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Journal Article

Citation

Evans-Campbell T, Lindhorst T, Huang B, Walters KL. Am. J. Public Health 2006; 96(8): 1416-1422.

Affiliation

School of Social Work, University of Washington, USA.

Copyright

(Copyright © 2006, American Public Health Association)

DOI

10.2105/AJPH.2004.054213

PMID

16809604

PMCID

PMC1522109

Abstract

Objective. We surveyed American Indian/Alaska Native (AIAN) women in New York City to determine the prevalence of 3 types of interpersonal violence among urban AIAN women and the behavioral health and mental health factors associated with this violence. Methods. Using a survey, we questioned 112 adult AIAN women in New York City about their experiences with interpersonal violence, mental health, HIV risk behaviors, and help-seeking. The sampling plan utilized a multiple-wave approach with modified respondent-driven sampling, chain referral, and target sampling. Results. Among respondents, over 65% had experienced some form of interpersonal violence, of which 28% reported childhood physical abuse, 48% reported rape, 40% reported a history of domestic violence, and 40% reported multiple victimization experiences. Overwhelmingly, women experienced high levels of emotional trauma related to these events. A history of interpersonal violence was associated with depression, dysphoria, help-seeking behaviors, and an increase in high-HIV risk sexual behaviors. Conclusions. AIAN women experience high rates of interpersonal violence and trauma that are associated with a host of health problems and have important implications for health and mental health professionals.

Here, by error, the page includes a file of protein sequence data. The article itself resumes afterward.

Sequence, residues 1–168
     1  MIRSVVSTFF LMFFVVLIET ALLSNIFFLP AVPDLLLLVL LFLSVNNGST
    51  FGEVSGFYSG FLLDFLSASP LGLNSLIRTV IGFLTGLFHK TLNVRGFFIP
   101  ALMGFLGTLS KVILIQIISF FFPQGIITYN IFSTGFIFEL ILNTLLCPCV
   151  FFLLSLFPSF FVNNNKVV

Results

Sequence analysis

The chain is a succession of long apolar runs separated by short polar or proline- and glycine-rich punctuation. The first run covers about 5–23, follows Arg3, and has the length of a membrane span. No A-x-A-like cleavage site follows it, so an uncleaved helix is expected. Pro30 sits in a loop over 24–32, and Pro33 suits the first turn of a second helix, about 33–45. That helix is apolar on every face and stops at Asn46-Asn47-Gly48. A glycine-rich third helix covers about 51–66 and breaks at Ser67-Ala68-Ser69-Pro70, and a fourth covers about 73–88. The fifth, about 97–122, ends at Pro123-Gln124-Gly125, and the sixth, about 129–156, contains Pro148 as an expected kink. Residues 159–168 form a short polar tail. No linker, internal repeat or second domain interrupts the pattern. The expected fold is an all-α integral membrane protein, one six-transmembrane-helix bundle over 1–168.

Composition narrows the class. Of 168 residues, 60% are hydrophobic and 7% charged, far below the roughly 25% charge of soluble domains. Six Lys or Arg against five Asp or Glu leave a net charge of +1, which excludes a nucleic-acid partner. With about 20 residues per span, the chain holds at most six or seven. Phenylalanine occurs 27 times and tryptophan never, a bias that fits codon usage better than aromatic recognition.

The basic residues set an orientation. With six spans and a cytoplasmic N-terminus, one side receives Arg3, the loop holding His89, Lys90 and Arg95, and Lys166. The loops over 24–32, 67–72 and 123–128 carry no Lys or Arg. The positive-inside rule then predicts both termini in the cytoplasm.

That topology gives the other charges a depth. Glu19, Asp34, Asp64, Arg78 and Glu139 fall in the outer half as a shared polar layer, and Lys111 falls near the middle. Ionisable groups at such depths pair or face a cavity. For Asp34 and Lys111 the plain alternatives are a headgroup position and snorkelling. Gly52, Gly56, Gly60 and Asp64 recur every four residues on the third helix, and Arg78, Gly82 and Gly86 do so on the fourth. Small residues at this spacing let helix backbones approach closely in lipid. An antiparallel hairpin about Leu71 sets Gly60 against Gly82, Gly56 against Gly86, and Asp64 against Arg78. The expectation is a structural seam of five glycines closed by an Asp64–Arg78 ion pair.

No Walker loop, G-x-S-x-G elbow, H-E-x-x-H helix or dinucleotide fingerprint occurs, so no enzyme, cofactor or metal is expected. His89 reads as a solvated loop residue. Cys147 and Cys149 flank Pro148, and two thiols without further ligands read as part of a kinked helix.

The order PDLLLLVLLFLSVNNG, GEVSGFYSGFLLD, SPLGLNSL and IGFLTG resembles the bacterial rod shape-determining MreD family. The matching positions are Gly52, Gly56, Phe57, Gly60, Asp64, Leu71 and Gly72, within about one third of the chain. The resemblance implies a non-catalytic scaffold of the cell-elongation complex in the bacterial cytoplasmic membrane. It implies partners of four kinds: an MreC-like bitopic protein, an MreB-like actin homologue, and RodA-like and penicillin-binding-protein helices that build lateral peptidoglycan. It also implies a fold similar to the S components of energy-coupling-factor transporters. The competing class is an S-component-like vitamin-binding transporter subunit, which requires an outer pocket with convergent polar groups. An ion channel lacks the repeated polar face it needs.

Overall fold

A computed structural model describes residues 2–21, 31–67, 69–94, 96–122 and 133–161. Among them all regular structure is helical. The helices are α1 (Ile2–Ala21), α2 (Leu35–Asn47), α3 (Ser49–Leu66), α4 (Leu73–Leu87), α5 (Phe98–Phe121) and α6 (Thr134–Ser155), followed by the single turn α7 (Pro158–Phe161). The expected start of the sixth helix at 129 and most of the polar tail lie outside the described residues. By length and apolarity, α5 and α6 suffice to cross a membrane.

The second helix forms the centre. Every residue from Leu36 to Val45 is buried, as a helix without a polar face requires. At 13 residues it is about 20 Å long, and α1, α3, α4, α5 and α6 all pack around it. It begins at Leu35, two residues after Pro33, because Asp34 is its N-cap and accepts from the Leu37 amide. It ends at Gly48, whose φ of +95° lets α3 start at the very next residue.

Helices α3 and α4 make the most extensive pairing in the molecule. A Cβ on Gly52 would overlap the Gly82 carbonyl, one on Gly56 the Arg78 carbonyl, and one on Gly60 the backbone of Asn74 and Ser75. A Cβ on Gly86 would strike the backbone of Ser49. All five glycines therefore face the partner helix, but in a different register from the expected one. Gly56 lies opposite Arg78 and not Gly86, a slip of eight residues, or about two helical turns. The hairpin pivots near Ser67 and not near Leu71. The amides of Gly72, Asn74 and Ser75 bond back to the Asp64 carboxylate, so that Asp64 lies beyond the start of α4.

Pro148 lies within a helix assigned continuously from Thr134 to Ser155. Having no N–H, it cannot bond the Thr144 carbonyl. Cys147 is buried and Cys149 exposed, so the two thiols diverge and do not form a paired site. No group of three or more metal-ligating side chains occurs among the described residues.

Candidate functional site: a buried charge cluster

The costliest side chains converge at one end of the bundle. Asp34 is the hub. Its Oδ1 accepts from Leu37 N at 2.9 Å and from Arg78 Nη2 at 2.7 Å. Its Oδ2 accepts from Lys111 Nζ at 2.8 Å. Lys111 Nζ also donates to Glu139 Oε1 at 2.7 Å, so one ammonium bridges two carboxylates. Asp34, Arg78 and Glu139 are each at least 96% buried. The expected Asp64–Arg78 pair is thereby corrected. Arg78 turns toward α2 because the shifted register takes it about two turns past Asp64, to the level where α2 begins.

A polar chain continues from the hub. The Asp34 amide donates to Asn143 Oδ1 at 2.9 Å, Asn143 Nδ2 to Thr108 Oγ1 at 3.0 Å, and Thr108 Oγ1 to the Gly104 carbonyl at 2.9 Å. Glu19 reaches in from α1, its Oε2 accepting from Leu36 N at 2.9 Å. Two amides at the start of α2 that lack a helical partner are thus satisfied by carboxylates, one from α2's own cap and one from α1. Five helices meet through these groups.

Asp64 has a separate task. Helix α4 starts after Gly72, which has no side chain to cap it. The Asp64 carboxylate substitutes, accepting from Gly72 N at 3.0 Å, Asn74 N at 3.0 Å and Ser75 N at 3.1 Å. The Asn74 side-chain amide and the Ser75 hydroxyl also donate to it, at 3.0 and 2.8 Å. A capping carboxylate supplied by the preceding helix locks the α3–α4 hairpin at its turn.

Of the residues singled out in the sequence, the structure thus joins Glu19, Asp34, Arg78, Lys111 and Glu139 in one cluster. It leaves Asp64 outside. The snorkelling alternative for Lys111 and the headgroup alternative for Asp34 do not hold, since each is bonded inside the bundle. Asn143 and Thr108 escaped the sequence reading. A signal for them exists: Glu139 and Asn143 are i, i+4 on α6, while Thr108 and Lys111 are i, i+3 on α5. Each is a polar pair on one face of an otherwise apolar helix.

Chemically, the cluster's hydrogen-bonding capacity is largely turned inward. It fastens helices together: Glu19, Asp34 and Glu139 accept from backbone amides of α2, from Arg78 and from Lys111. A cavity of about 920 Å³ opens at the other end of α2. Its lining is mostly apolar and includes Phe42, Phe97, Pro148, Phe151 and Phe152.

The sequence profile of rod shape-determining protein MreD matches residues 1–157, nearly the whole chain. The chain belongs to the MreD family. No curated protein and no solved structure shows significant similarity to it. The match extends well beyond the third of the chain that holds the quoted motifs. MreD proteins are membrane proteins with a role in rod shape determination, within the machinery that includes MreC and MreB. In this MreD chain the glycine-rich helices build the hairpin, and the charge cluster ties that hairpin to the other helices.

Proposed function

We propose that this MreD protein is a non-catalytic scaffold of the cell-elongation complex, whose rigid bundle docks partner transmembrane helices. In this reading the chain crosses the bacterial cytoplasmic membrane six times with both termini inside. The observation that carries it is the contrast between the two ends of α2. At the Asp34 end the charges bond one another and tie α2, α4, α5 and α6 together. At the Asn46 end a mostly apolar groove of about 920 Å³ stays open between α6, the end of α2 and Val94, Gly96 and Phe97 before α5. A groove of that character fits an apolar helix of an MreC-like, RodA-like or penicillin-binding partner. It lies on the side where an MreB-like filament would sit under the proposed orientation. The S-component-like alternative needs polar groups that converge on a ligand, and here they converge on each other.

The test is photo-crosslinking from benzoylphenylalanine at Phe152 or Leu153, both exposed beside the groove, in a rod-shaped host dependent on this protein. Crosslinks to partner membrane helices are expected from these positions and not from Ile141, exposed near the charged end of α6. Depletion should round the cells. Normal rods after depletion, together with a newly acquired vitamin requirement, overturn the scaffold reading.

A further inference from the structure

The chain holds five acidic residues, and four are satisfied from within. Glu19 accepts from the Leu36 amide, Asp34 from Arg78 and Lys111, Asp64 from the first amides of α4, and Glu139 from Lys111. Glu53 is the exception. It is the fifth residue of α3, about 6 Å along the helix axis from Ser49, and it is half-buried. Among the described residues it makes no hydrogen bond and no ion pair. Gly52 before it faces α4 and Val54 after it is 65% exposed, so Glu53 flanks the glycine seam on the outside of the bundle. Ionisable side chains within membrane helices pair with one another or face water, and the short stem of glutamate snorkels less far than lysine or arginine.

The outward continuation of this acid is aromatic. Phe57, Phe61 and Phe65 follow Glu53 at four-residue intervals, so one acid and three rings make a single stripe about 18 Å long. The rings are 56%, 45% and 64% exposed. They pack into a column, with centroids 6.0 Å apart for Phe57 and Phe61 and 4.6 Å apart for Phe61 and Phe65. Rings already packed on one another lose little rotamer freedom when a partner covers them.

Language: en

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